Amid growing concern for misconfigured security and smarter malware
first discussed the issue last week at the Intel Developer Forum. As bad as things are in the home, workspace computing isn’t much better.
In a survey of IT managers, published today, the two firms found the biggest concerns for IT managers were security systems that were disabled by really smart malware, disabled by employees or not installed properly.
When the malware isn’t taking down the security, the users are. About 25 percent of IT’s time is spent fixing broken or disabled security systems, and the average PC user needs to have their security safeguards fixed about 20 times per year.
The solution for now has been a combination of multiple layers of security, strict behavior policies and external security appliances.
Now Symantec is proposing a new solution it calls a virtual appliance. The term is something of a misnomer since it conjures up images of virtualization, which it isn’t doing, and an attached security appliance like Cisco’s PIX firewalls, which it is not.
Rather, the virtual appliance would operate in a siloed layer between the operating system and the hardware, utilizing Intel’s vPro security technologies. There’s a fundamental problem when security programs have to run in an operating system that’s vulnerable to malware designed to disable that security in the first place.
“We want to get away from the Windows operating system, which has quite a few vulnerabilities within the OS itself, plus any vulnerabilities in apps installed next to us on the OS,” Gary Sabala, product manager for the Symantec virtual security appliance, told internetnews.com.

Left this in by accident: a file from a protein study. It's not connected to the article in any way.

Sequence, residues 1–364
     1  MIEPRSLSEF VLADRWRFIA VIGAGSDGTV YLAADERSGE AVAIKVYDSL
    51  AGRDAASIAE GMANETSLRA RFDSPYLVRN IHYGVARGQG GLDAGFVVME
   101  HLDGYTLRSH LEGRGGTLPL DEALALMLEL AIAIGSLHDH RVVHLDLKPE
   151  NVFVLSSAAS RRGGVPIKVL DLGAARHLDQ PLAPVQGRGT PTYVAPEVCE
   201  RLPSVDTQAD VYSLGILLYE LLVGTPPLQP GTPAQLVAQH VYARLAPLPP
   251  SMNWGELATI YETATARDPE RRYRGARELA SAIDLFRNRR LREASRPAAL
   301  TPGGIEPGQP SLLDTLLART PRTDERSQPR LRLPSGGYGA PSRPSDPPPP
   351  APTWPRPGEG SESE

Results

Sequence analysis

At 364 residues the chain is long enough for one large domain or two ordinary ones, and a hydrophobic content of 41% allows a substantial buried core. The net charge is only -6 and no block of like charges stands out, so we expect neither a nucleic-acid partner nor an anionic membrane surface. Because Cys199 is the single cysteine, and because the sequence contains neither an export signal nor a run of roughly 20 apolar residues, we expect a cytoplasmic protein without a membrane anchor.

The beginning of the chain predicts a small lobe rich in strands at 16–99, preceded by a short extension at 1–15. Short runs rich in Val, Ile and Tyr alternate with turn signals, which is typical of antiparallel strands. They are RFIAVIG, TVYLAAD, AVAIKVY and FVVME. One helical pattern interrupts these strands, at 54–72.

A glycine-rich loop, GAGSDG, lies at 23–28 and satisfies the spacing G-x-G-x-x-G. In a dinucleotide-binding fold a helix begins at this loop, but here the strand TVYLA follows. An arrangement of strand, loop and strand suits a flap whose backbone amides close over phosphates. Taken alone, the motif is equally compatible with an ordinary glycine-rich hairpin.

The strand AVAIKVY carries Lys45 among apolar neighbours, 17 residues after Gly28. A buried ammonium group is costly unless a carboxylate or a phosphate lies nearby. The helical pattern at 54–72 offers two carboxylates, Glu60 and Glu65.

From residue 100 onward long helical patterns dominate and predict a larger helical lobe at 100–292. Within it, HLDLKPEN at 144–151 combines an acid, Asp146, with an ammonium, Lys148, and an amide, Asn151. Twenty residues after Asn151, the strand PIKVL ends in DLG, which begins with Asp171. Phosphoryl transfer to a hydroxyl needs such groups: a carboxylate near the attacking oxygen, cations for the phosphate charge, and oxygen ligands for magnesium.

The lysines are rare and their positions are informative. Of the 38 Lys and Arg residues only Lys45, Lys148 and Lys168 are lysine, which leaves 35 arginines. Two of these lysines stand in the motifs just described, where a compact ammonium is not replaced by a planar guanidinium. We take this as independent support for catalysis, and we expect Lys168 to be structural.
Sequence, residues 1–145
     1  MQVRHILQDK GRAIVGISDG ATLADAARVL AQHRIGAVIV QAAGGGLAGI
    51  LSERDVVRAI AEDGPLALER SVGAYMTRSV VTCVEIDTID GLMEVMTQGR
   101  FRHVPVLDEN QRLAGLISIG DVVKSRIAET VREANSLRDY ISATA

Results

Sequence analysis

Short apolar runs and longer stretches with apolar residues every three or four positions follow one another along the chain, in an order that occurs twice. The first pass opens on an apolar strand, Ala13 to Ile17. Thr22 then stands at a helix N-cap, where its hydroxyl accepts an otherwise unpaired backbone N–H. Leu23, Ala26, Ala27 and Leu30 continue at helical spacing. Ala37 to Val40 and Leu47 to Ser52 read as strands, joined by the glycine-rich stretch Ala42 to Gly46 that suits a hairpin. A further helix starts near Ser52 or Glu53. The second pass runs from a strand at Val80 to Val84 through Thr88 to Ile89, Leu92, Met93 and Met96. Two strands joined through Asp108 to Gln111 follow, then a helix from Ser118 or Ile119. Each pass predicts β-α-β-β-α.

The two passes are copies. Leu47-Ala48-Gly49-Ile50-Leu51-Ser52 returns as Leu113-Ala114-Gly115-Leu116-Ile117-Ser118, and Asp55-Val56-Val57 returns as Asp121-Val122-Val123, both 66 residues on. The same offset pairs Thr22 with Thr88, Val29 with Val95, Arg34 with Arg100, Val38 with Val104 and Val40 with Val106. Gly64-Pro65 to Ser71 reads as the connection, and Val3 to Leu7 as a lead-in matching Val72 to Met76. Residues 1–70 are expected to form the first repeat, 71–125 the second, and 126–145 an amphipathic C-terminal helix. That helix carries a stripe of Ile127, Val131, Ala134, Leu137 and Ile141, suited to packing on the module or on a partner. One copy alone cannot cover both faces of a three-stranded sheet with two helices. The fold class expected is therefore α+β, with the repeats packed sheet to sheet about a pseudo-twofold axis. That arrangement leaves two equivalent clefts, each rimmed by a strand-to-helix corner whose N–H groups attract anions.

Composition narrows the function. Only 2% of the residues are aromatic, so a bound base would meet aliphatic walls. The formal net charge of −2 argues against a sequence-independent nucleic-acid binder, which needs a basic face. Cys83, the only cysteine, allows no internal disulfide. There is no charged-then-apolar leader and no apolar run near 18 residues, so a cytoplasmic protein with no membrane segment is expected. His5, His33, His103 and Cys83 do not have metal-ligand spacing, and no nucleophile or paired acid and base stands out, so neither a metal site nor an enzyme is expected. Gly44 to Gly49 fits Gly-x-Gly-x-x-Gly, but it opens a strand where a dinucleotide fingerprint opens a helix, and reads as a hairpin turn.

“What we’re trying to do is create this isolated silo of an execution environment that we think is much more tamper resistant to threats on the main Windows OS, but is also an isolated environment where the IT manager can have a high degree of control,” added Sabala.
Even with Microsoft hardening the kernel to outside intrusion – and Symantec is having a fit over that – there will be a need for this level of security anyway, said Roger Kay, president of Endpoint Technologies.
“You need to pretty much harden the entire perimeter. It’s helpful to have protection at all levels, including the BIOS and network and everything else. There’s not one tech that’s going to end the game,” he said.
Sabala said the company expects to have some kind of beta product out in early 2007 with a potential product release in mid-2007.